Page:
Even as the bond market is going through some turmoil, the Reserve Bank would still continue with its rate-hiking cycle, say economists.
At least a 25 basis points hike can be expected on the October 5 policy, economists said. There could also be a change in stance this time. The consumer price index-based inflation for August was at 3.69 per cent, lower than the RBI’s target of 4 per cent. On Wednesday, the rupee closed at 72.62 a dollar and the 10-year bond yields crossed 8 per cent-mark.
“The larger unattended question is on using monetary policy as a pincer movement: in terms of a more flexible and balanced approach responding systemically to episodes of current financial market volatility and sticking to price stability,” said Soumyakanti Ghosh, chief economist at State Bank of India group.
“This would mean a transparent evaluation of the existing policy framework,” Ghosh said.
Under the new monetary policy framework, the RBI is fixated on inflation. It is mandated to keep CPI inflation anchored around the central point of 4 per cent, but with a standard deviation of 2 percentage points on either side.
Nevertheless, the RBI’s stance is to keep enough liquidity so that the weighted average call money rates remain around the policy repo rate, which is 6.5 per cent. If rates spike, it is an indication of shortage of liquidity in the system, at which point the RBI injects liquidity through secondary market bond purchases.
The bond market, meanwhile, is going through some liquidity crisis.
According to Gaurav Kapur, chief economist of IndusInd Bank, if the bond market turmoil affects the macroeconomic stability, it would affect rupee even further.
“Because of the rupee, the carry trade advantage has eroded. You need to restore that advantage. Besides, monetary policy cannot ignore inflation and inflationary expectations. The monetary policy is separate from the bond market turmoil, which is essentially a liquidity issue, and can be addressed by temporary liquidity measures,” said Kapur.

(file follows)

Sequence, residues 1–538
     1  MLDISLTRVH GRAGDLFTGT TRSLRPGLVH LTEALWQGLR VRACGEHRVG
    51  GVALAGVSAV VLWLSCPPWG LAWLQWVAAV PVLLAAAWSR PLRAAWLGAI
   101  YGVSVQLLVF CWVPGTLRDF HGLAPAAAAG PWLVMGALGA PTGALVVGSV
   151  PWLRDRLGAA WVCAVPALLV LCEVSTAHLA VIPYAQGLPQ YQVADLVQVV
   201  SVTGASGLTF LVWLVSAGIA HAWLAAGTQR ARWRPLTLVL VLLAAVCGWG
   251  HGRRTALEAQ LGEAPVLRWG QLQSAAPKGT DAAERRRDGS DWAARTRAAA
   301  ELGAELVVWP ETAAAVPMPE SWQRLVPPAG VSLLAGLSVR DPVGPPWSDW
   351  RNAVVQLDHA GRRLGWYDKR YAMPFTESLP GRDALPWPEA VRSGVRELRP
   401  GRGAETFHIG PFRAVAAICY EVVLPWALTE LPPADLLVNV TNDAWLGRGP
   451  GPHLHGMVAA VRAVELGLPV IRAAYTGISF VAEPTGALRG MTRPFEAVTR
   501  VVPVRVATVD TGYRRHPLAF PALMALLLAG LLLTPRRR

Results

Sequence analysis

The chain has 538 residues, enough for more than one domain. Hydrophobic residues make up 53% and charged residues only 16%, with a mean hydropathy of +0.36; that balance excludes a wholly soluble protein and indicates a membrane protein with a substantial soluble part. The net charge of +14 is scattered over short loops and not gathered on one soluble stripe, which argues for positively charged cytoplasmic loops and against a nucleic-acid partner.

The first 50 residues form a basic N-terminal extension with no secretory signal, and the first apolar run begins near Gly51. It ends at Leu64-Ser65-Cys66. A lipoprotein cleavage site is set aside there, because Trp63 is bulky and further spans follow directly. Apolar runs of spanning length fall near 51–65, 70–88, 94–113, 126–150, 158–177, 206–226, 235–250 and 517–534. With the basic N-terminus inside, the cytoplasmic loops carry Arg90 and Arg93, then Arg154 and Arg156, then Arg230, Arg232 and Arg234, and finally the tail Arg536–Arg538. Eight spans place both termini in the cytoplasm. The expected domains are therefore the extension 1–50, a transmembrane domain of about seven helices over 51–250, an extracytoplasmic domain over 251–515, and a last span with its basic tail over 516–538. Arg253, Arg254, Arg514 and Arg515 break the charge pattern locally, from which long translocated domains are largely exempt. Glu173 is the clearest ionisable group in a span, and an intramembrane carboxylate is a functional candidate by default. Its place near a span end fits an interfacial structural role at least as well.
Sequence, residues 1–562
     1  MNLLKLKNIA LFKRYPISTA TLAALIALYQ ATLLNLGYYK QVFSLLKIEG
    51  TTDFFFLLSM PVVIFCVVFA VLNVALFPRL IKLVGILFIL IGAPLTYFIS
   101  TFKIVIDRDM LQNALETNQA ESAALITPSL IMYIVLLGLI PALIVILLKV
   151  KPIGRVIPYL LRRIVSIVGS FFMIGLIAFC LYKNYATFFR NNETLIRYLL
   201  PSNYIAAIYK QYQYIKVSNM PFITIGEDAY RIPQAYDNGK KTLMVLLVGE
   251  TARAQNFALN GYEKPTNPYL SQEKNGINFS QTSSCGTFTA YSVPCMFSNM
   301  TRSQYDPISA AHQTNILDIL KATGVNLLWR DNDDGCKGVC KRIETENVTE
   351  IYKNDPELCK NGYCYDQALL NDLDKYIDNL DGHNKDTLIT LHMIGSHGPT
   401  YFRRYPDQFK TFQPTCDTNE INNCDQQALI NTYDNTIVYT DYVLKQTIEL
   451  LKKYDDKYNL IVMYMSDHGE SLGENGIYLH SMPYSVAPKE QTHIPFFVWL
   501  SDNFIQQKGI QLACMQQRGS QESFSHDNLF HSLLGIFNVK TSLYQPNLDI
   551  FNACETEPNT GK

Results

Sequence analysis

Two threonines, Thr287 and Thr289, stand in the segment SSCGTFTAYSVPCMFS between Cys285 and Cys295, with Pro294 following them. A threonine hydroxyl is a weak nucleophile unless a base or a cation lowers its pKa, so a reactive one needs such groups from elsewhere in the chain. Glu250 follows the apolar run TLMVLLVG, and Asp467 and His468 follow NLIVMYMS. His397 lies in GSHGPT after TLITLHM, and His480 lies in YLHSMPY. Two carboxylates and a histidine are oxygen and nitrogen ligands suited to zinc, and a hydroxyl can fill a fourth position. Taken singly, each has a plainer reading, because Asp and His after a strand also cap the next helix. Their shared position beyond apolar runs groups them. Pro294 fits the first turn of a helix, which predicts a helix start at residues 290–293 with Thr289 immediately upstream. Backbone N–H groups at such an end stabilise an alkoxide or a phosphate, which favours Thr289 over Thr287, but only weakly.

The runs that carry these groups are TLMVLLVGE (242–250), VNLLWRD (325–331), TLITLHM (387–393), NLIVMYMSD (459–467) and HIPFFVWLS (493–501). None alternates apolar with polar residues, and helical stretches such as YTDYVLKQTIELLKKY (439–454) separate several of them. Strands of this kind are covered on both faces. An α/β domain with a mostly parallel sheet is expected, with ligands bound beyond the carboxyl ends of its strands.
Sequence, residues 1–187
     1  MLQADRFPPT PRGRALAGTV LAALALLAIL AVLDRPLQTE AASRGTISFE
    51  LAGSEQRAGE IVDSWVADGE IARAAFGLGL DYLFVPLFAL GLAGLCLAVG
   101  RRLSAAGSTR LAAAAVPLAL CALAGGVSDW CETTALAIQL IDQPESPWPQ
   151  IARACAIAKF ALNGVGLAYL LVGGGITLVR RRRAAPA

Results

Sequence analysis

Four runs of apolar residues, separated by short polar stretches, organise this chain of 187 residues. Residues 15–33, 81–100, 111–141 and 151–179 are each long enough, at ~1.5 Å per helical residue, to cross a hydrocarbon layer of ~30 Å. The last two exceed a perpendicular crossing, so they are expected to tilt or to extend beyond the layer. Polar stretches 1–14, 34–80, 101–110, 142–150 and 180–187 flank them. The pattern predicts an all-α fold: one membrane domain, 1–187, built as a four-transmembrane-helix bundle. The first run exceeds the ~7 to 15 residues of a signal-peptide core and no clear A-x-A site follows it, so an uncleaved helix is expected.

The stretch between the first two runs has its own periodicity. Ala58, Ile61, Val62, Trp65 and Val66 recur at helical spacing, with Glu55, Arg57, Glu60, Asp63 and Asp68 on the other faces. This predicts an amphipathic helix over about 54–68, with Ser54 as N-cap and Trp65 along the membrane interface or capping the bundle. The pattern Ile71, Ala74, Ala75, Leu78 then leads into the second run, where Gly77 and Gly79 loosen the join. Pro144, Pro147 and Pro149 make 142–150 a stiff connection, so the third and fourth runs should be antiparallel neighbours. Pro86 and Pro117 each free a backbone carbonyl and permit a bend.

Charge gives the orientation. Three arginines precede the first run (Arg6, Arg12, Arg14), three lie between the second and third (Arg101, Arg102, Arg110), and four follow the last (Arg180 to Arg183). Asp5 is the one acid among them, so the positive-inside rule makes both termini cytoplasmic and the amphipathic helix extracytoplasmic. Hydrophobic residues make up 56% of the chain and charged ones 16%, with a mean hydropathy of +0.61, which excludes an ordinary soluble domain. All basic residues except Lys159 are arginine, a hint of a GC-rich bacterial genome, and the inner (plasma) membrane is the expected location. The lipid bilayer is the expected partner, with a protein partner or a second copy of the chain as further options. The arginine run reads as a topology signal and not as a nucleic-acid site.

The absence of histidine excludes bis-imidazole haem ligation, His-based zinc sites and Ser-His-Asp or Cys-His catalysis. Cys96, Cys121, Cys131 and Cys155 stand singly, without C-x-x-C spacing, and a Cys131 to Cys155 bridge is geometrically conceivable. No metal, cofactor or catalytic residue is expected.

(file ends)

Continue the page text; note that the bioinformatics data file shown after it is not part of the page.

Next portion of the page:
While it is important to ensure that no spillover or contagion happens from the NBFC sector, repo rate is the signaling rate, while liquidity is to support the RBI’s stance that the call money rates remain anchored around the repo rate.
The money market rates hardened even before the recent NBFC scare, indicating that the market was preparing for a rate hike.
Currently, the difference between a three-month paper of a AAA rated entity and the policy rate is close to 150 basis points, indicating that the market has fully factored in a rate hike.
“If there is no rate hike, the market would be surprised. The NBFC issue is not very serious, and should be okay in a week or two. The debt funds don’t have much of an option but to invest in good quality papers,” said a fund manager.
According to Radhika Rao, economist at DBS, the six-member monetary policy committee would likely announce a further 25bps hike in policy rates, “with more to follow.”
While spillover worries from IL&FS default continues to hurt risk-appetite for the credit market, inflation in August fell and will stay benign in September- October, lowering the urgency for a rate hike.
However, RBI would still go for a hike emphasizing “on the forward-looking nature of monetary policy, as high oil prices and a weak rupee, risk hardening inflationary expectations and disrupt the benign inflation outlook,” Rao wrote in a note.